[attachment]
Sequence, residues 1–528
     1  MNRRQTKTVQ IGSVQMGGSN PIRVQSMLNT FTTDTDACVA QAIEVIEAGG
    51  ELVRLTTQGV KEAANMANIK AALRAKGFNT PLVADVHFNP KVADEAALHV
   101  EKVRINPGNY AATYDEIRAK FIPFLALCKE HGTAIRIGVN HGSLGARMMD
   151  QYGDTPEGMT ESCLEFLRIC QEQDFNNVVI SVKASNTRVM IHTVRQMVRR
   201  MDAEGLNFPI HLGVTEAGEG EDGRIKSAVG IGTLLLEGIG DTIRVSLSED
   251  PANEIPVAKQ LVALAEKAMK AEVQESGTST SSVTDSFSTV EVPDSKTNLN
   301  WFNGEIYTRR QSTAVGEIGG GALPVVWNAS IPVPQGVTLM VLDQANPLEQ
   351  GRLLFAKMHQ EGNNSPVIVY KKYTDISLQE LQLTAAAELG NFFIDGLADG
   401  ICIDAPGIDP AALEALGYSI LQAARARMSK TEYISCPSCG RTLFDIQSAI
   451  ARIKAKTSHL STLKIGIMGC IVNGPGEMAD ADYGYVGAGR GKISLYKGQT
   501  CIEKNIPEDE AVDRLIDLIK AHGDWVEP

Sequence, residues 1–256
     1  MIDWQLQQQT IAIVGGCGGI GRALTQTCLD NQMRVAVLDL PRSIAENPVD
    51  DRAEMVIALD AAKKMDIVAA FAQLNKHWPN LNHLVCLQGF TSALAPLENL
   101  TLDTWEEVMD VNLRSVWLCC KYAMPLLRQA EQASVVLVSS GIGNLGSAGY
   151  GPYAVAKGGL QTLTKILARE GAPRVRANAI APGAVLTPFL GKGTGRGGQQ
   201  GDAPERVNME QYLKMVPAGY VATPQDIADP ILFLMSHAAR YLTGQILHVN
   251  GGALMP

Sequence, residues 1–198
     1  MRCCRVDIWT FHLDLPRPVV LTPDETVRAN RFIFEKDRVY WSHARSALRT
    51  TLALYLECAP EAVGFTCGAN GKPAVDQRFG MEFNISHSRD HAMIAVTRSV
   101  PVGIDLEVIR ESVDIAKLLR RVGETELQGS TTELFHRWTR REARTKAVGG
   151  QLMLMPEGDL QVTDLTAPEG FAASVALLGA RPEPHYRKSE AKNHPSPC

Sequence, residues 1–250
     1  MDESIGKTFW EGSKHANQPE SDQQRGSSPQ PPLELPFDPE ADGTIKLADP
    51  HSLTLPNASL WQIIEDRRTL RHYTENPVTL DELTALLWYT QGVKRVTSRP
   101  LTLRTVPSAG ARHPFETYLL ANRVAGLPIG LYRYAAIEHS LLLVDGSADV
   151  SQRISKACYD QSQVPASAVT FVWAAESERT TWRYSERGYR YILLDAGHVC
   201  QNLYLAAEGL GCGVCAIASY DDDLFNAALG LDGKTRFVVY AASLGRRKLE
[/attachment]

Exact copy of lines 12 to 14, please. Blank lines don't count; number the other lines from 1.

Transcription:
   501  CIEKNIPEDE AVDRLIDLIK AHGDWVEP

Sequence, residues 1–256
     1  MIDWQLQQQT IAIVGGCGGI GRALTQTCLD NQMRVAVLDL PRSIAENPVD